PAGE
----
OTHER STORIES IN THE TOP 25 11. Private Corporations Proﬁt from the Occupation of Palestine 12. Mysterious Death of Mike Connell—Karl Rove’s Election Thief 13. Katrina’s Hidden Race War 14. Congress Invested in Defense Contracts 15. World Bank’s Carbon Trade Fiasco
9. UNITED STATES AND WHITE PHOSPHOROUS STRIKES IN GAZA In mid-January, as part of a military campaign, the Israeli Defense Forces ﬁred several shells that hit the headquarters of a United Nations relief agency in Gaza City. The shells contained white phosphorous, a smoke-producing, spontaneously ﬂammable agent that is designed to obscure battle territor y but can also ignite buildings and burns if it touches the skin. The attack on the relief-agency headquarters is just one civilian structure researchers discovered had been hit during the air strikes. In the aftermath, Human Rights Watch volunteers found spent white phosphorous shells on streets, apartment roofs, residential courtyards and at a U.N. school in Gaza. Human Rights Watch says that IDF’s use of white phosphorous violated international law, WWW. B OISEWEEKLY.C O M
16. U.S. Repression of Haiti Continues 17. The ICC Facilitates U.S. Covert War in Sudan 18. Ecuador’s Constitutional Rights of Nature 19. Bank Bailout Recipients Spend to Defeat Labor 20. Secret Control of the Presidential Debates 21. Recession Causes States to Cut Welfare 22. Obama’s Trilateral Commission Team 23. Activists Slam World Water Forum as a Corporate-Driven Fraud 24. Dollar Glut Finances U.S. Military Expansion 25. Fast Track Oil Exploitation in Western Amazon Read them all at projectcensored.org.
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©ART21, INC. 2009
BOISEvisitWEEKLY PICKS boiseweekly.com for more events
The PBS series Art 21 explores Cindy Sherman’s long-running mannequin obsession in “Transformation.”
SATURDAY, OCT. 10 screen
THURSDAY SUNDAY OCT. 8-11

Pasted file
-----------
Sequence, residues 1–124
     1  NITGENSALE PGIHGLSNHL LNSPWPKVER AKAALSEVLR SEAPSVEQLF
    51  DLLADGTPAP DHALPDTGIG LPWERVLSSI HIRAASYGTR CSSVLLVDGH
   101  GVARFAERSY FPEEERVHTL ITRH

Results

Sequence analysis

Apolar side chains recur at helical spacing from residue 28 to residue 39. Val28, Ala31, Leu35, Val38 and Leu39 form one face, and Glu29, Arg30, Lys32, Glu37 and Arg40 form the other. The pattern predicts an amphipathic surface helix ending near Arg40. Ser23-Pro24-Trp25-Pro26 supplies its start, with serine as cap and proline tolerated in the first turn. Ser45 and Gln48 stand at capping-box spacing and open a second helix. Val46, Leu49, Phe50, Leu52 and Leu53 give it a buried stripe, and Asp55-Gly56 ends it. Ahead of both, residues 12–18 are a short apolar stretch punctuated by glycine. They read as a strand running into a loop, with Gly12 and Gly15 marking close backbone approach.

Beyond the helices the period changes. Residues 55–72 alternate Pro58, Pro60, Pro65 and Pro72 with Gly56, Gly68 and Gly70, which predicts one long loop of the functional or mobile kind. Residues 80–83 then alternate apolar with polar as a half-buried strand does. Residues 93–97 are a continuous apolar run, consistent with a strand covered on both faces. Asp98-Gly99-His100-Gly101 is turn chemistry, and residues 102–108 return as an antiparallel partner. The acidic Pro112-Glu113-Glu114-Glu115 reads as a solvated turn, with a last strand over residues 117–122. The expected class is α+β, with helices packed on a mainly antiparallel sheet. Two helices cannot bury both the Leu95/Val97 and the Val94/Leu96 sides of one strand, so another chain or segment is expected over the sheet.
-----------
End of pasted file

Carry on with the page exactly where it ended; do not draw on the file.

FRIDAY, OCT. 9
Set down your double espresso macchiato and Brooks Brothers catalog. It’s time to slip into a mock turtleneck and head down to the Treasure Valley Dog Show at Expo Idaho. More than 1,300 dogs from across the country will compete, but at the end of the day, only one will be crowned Best in Show. The event will showcase a variety of competitions, from conformation and obedience to rally and agility. Every event has been created to highlight the bond between dog and owner. The competition is open to purebred dogs registered with the American Kennel Club, so leave your second class mutts at home. 8:30 a.m.-5 p.m., $2-$5, Expo Idaho, 5610 Glenwood St., 208-2875650, icckc.org.
Snowboarding season is close at hand, and the fresh products from snowboard makers are ripe for the pickin’. Get an early look at the new gear at the Basque Center, courtesy of the Board Room. Kicking off the pre-winter months with a snow-focused fest, the Board Room will host its 12th annual snowboard ﬁlm premiere. The folks at the Board Room have been patiently waiting for this year’s powder, and it’s just around the corner. The event starts with a look at 2010 snowboards and apparel. After taking a gander at the gear, be prepared for an adrenaline-charged double act of snowboard footage. Black Winter, by Standard Films, is being premiered alongside Elektro, by Alterna Films. These two productions showcase the skills of the sport’s most famous athletes, including Shaun White and Travis Rice. If you’re not yet itching to get on the hill, you will be after uttering your ﬁrst “whoa” as you watch a boarder dropping into a powderﬁlled crevasse. The movies begin at 7 p.m., but make sure to stop in early for a free rafﬂe and giveaways. 6 p.m., $5, The Basque Center, 601 W. Grove St., Boise, 208-385-9553, boardroomboise.com.
FRIDAY AND SATURDAY OCT. 9-10 stage FREAK SHOW With Halloween creeping around the low-lit street corner, it’s time to dig out those fangs, dust off that pointed hat
ART 21 PREMIERE Chas Guldemond grazes the treetops in Black Winter.
and make your reser vation for LipsInc!, Idaho’s ﬁrst professional female impersonation troupe. In an over-the-top, high-heeled and lipsticked celebration of all things freaky, the troupe will premiere their latest production, “Freak Show,” at the Balcony. The drag trio welcomes special guest Norma Lee Swallows (get it?), and also promises a three-headed lady and a number featuring disco sticks. Asked to describe what audiences can expect at the show, LipsInc-er Doug Flanders promised dancing, crazy costumes, production